Even moderately alert readers will recall our expressing slight concern on Saturday at the recent disappearance of a page from the Scottish TUC website, in which the trade-union organisation outlined its view that the renewal of the Trident nuclear weapons system would result in a net loss of thousands of jobs in Scotland – a position which is strongly at odds with that of the Labour Party.
So we were relieved to be contacted on Sunday evening by the STUC’s Deputy General Secretary, Dave Moxham, who confirmed that the Congress’s opinion hadn’t changed, and that its full analysis could still be found here.
If you don’t have time to read it all, we’ve picked out a few key points.
“The report demonstrates the inaccuracy of claims that upwards of 11,000 jobs would be lost to Scotland if Trident was not replaced. It finds that the reduction in direct, indirect and induced civilian employment across Scotland would be less than 1,800 and that this reduction would not take place until after 2022.”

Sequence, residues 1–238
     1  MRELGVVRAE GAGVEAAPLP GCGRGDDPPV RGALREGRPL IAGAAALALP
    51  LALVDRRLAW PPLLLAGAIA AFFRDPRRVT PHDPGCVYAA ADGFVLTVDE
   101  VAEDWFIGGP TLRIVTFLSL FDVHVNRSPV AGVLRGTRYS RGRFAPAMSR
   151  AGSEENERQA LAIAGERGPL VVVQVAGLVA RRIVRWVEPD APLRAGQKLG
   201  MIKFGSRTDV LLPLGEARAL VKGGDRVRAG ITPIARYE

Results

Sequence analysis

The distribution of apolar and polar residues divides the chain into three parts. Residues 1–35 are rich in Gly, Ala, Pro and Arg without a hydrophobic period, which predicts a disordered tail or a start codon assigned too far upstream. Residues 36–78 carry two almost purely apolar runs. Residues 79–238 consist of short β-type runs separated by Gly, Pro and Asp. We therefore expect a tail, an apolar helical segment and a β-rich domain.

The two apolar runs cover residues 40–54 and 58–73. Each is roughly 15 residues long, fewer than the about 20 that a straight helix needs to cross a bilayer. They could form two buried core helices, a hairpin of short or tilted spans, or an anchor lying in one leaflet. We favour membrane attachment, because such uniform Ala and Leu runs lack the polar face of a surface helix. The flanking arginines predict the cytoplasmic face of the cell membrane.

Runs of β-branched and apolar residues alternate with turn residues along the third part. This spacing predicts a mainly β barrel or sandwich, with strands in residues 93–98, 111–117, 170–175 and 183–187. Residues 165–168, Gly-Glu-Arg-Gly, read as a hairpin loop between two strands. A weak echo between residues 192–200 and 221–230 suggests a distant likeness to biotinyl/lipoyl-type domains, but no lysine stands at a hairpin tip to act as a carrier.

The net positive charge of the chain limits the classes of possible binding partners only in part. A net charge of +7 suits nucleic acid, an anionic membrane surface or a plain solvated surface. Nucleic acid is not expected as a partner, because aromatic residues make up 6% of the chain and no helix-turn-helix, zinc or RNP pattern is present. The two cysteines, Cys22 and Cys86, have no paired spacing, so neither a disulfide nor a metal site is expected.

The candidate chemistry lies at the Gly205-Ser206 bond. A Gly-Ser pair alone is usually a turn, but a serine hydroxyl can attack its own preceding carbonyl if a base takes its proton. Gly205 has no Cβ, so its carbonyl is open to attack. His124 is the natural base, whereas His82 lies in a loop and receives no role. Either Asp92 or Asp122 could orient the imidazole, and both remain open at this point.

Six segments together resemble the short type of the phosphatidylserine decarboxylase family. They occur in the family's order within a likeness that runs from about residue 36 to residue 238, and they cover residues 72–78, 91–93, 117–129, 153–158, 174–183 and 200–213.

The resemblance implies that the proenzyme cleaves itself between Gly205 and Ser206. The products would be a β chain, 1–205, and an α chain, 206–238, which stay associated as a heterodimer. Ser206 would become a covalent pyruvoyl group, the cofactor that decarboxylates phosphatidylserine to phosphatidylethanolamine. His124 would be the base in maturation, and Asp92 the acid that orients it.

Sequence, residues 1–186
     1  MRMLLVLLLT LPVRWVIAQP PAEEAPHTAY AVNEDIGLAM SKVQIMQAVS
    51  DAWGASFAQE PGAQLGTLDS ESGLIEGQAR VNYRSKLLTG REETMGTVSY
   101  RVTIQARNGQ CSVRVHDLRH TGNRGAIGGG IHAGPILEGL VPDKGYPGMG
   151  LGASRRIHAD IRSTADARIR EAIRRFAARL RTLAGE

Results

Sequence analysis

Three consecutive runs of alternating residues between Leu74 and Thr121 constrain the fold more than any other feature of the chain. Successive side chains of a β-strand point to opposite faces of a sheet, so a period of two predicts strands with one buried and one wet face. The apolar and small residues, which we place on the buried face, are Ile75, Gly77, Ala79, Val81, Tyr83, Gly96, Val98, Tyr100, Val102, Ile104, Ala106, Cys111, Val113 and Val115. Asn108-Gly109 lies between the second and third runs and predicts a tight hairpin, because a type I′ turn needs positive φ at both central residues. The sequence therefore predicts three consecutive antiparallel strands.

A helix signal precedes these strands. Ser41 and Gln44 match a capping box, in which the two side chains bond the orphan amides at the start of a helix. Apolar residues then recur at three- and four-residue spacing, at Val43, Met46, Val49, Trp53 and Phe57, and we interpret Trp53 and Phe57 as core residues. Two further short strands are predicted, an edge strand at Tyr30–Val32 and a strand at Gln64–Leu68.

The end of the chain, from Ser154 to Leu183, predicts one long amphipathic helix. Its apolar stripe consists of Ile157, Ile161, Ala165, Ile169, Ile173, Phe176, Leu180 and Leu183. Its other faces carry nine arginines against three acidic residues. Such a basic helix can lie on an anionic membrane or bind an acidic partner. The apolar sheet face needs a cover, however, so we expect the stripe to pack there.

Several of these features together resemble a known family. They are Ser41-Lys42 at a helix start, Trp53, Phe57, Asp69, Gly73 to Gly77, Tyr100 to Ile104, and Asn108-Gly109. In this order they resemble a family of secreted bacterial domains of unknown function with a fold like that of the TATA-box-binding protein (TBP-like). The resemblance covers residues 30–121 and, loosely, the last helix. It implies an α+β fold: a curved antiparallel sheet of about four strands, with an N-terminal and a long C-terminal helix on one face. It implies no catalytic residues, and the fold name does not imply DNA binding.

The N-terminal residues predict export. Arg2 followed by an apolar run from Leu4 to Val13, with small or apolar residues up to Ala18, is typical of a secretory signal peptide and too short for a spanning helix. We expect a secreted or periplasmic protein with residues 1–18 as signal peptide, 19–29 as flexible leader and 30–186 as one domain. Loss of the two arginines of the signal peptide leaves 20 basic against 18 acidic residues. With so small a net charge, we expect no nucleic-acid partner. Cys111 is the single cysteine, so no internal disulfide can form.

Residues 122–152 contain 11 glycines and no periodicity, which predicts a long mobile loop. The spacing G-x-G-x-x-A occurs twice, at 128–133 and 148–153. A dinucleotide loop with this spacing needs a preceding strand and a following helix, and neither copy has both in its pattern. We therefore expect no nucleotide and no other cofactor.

“In terms of financial cost the report finds that Scotland will be significantly worse off if Trident is continued… Scotland’s share of the investment cost, at £85m a year, will be at the direct expense of existing public expenditure and could place at risk up to 3,000 public service jobs.”
“Meanwhile the existing £1.78bn annual running costs of the Trident system are already part of the defence budget and Scotland’s share, in terms of tax contribution, is approximately £153m a year. Only a portion of this currently comes back to Scotland to sustain the 1,536 direct and indirect civilian jobs and Scottish Navy personnel servicing and staffing Trident in Scotland.
If Trident was not continued, this existing £153m contribution from Scotland could be released to provide alternative employment for considerably more than 1,536.“